We're being bombarded with news and views about Covid-19. How do we separate the fact from the fudge? Are Kiwis more likely to trust their institutions than other countries'? And are they more likely to listen to experts in times of crisis than they would under normal circumstances? Science reporter Jamie Morton talked to the Prime Minister's chief science advisor, Professor Juliet Gerrard.

Otago University's Professor Nick Wilson has noted that New Zealand has the advantage of trust in our Government, which makes steps like the current lockdown easier for society to take. Do you feel we similarly have a good level of trust in our experts, compared with other countries?

There isn't great data on how much New Zealanders trust scientists, but what there is suggests that we have relatively high trust in experts.

The good thing in the case of the response to Covid-19 is that the Government and the vast majority of the science and public health community have been very well aligned.

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Soon after the PM announced the alert level system and moved the country to level 2, there was a loud chorus from all sectors of science and society to increase the level.

There was huge social and cultural licence for the Government to follow the expert advice and act.

Do you suspect people are more likely to listen to and trust experts in a clear-and-present health crisis like this than they would under "normal" circumstances, such as with vaccination or fluoride?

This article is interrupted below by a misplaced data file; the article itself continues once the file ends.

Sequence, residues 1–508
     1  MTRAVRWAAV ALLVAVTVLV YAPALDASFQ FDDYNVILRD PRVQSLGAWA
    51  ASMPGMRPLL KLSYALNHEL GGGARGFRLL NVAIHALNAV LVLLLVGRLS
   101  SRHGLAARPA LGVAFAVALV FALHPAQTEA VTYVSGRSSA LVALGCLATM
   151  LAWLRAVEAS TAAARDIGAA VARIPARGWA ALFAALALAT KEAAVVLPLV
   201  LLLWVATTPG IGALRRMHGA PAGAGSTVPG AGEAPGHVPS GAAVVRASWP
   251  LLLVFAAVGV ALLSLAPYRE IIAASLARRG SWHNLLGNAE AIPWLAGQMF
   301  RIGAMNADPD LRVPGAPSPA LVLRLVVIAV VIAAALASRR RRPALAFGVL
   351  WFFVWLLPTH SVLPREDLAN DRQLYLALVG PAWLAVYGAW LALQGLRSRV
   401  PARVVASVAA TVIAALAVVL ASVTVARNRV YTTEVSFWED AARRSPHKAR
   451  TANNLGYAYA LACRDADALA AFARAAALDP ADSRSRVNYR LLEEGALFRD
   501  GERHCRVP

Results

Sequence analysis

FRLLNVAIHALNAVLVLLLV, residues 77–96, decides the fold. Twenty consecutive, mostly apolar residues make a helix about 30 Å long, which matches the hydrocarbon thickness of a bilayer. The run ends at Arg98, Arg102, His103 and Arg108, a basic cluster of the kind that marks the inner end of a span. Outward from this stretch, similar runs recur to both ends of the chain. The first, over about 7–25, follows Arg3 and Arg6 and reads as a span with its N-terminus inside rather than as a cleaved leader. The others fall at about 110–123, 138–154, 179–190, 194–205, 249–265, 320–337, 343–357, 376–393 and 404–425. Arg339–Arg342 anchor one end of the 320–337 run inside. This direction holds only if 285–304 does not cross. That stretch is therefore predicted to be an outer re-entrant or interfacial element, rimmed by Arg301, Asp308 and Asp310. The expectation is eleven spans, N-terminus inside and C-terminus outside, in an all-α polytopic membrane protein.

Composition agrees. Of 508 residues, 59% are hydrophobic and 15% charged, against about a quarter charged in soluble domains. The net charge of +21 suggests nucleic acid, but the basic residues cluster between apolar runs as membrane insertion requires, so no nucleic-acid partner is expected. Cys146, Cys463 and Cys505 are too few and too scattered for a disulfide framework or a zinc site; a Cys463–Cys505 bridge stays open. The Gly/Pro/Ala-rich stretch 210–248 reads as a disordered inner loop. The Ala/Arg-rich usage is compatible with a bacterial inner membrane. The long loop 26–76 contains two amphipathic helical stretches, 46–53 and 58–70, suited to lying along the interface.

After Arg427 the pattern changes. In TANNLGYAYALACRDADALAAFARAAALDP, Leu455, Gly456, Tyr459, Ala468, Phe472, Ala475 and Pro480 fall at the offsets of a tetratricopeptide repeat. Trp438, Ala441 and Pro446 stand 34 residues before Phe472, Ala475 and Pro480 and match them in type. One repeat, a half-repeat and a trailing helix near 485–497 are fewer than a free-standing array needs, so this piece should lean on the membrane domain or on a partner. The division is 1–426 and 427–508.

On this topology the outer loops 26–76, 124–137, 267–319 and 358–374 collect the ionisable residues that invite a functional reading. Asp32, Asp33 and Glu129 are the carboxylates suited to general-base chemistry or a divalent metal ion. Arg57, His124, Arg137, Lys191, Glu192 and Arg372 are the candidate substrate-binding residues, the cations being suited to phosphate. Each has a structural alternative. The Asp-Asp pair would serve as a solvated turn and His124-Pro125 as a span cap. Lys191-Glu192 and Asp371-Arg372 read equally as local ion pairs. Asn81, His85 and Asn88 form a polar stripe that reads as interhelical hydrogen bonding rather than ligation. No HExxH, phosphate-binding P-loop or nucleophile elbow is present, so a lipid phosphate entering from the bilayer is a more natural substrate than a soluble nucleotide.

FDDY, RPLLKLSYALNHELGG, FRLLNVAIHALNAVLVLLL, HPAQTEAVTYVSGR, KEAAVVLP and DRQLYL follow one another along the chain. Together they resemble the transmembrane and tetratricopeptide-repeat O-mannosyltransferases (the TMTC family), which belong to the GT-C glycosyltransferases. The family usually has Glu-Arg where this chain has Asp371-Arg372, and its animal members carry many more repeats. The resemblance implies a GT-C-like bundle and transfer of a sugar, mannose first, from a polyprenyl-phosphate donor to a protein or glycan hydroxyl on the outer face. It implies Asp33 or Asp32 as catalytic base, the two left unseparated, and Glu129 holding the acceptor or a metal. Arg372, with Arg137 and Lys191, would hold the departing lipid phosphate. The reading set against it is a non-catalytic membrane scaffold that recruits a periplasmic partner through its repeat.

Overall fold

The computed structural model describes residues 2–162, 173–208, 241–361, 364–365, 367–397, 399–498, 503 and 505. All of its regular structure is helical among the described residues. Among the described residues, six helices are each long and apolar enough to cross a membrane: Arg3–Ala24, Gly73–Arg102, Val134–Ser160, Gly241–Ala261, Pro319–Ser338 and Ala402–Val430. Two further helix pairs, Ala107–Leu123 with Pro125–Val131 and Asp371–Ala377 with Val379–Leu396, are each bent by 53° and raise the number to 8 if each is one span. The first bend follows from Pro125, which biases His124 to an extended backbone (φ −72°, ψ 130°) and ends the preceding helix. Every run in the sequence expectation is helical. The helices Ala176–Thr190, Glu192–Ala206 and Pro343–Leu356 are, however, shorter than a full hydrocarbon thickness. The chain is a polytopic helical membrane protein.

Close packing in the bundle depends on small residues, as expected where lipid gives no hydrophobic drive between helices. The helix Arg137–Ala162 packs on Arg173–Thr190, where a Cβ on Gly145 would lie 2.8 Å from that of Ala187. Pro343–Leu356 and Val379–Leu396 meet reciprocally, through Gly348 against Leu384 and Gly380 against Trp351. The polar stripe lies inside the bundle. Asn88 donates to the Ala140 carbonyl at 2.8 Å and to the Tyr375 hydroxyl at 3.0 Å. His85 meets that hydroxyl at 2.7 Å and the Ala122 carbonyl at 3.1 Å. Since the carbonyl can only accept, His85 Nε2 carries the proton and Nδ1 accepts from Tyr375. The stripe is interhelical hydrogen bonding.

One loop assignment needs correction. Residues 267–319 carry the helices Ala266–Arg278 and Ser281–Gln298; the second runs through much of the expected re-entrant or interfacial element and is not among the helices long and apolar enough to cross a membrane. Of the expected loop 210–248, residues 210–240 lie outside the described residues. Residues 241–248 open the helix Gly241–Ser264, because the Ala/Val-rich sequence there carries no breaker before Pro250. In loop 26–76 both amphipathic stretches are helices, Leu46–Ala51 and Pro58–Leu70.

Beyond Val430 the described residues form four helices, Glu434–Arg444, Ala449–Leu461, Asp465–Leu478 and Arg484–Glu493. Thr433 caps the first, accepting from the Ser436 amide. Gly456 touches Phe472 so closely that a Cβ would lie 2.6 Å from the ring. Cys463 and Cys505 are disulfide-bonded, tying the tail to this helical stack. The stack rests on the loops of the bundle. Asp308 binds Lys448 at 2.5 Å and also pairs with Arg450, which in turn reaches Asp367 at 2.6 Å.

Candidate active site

Yes, definitely.

People are much more inclined to welcome expert views in the face of an immediate crisis than with one looming on a more distant time horizon.

Faced with constant TV footage of overloaded hospitals and unnecessary deaths overseas, people seem hungry for answers with evidence behind them.

The Ministry of Health's director-general of health, Dr Ashley Bloomfield. Photo / Getty Images
The Ministry of Health's director-general of health, Dr Ashley Bloomfield. Photo / Getty Images

Maybe I have missed it, but I am not hearing any call to *not* urgently find a vaccine for Covid-19.

That said, what risks do we face from "armchair epidemiology"- or misinformation being shared on Facebook and other platforms? Is there a danger this might undermine the measures we're now taking, or the authority behind them?

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Faced with so much data, it is natural for people to want to understand it for themselves.

I was one of many people living in Christchurch watching the Geonet earthquake data and becoming an "armchair seismologist".

But it is important to remember that with so much data available, and importantly with so much data missing both in New Zealand and globally, we have to also listen to those who have been working hard all year to understand the global and national situation, not just looked at one small study or graph they saw on social media this morning.

Microbiologist Dr Siouxsie Wiles Photo / Photographers Inc
Microbiologist Dr Siouxsie Wiles Photo / Photographers Inc

Our office has spent a lot of time putting some of these smaller studies in a wider context.

We've seen some prominent Kiwi businesspeople also offering their takes and opinions on what New Zealand should be doing to meet the public health threat. Should we be treating these views any differently to that of your average mate on Facebook?

I think it is great that business leaders are behind the Government's decisive action and are basing this support on the evidence.

If prominent business people can interpret the data for parts of the community that wouldn't naturally listen to scientists and health experts, then that is fantastic.